In order to make the simulated state of the model approximate to the actual state, the initial equilibrium state of the model needs to be solved. Set boundary wall constraints around and at the bottom of the model, and add a gravity field. The initial balance between particles and between particles and walls is specified as a linear stiffness contact model. When the model reaches the initial equilibrium, the linear stiffness contact model between particles is replaced by the parallel bond model, and the new contact model is given with constitutive parameters. After the equilibrium is calculated again, the sand-gravel stratum model with the same physical and mechanical properties as the actual stratum required for numerical calculation is obtained. The rock model is shown in Figure 5.
The size of the disc cutter was 432 mm. The wedge tooth cutter had the same size and 40 teeth. The cutter used in the TBM is shown in Figure 6, and the cutter model established in PFC3D software is shown in Figure 7. The cutter model is completely rigid.
The layout of the shield cutter significantly affects the rock-breaking efficiency during construction. Therefore, we evaluated the effect of different cutter spacings and penetration depths on the number of particles/cracks in a given section, the cutter force, and the specific energy of rock breaking to determine the optimal rock-breaking parameters. The range of the cutter spacing of the actual shield cutter is 80–120 mm. Thus, we evaluated five cutter spacings (80 mm, 90 mm, 100 mm, 110 mm, and 120 mm) and three penetration depths (10 mm, 8 mm, and 6 mm) in the numerical simulation of the disc cutter and the wedge tooth cutter.
4 Three-Dimensional Numerical Simulation Analysis
4.1 Simulation Process and Data Recording
We use the disc cutter as an example to describe the rock-breaking simulation based on actual conditions, i.e., the cutter has a circular motion. Due to the layout design of the head cutter, the first cutter and the second cutter operate sequentially during rock breaking; thus, the simulation uses two cutters. A diagram of the rock-breaking process of the disc cutter with a cutter spacing of 100 mm is shown in Figure 8. The simulation process of the wedge tooth cutter is the same.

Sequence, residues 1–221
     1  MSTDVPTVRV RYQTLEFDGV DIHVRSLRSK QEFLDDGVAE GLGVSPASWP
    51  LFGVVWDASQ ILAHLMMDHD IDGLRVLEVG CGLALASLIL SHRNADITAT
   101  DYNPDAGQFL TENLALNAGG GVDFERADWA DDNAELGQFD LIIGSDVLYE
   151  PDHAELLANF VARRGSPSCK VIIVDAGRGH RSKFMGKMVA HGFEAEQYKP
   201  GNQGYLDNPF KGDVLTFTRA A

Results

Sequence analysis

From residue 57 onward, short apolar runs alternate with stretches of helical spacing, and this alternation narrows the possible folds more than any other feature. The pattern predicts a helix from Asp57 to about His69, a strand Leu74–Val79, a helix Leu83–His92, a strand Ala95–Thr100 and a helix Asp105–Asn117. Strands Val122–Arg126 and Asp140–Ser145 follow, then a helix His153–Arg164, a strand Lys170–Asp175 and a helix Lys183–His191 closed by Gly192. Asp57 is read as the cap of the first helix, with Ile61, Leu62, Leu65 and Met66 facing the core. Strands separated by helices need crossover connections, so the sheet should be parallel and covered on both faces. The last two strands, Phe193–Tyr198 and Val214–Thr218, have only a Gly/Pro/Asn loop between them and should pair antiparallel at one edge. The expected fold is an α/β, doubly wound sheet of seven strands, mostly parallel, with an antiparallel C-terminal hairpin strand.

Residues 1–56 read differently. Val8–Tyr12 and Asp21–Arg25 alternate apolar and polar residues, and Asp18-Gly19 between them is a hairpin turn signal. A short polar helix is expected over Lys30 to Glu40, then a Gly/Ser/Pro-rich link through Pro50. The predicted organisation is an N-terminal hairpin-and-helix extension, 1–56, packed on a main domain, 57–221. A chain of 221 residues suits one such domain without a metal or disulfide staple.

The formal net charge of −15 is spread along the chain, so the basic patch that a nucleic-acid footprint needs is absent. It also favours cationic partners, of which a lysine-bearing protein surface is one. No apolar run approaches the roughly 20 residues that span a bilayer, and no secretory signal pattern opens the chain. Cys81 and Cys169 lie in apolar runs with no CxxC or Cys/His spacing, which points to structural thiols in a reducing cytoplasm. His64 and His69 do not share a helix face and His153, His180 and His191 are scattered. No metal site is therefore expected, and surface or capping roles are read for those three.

The initial position of the cutter is at the outer circumference of the rock model. There is a small distance between the initial position and the rock mass to ensure to prevent interaction between the cutter and the rock mass in the initial stage. The cutter rotates around the center axis until there is no contact force with the rock; then, the rotation is terminated. During the rock-breaking simulation, a cycle command is used to customize the calculation times of each cutter. The calculation times are equal to the traveling distance of the cutter. In addition to the angular velocity of the cutter rotating around the origin, the angular velocity of the cutter rotation around its central point is defined to simulate the movement of the rock-breaking cutter in the field. The normal force and tangential force on the wall surface of the cutter are recorded using the wall history command.
In addition to recording the contact force between the cutter and the rock, the rock-breaking performance of the cutter is determined. Rock crushing results in broken particles and cracks between particles. The number of broken particles is obtained by looking at the particle group grouping. The number of fractures can be obtained by looking at the particle fractures group. The green particles indicate the compression failure of particles, and the red particles indicate the tensile failure of particles. Cracks form between particles due to particle fragmentation. PFC3D models particles as balls, and the cracks between the particles are represented by disks. Thus, a disk is formed between two particles when a crack occurs, and the number of cracks reflects the degree of damage.
4.2 Analysis of Rock-Breaking Process of Cutter
A vertical section is selected at 30° to observe the rock-breaking efficiency of the cutter during rock breaking.
We use a cutter spacing of 100 mm and a penetration depth of 8 mm scheme as an example. The failure of the particles in a cross-section is recorded when the #1 and #2 cutters roll 15°, 30°, 45°, and 60°. The results are shown in Tables 2, 3 and Figure 9.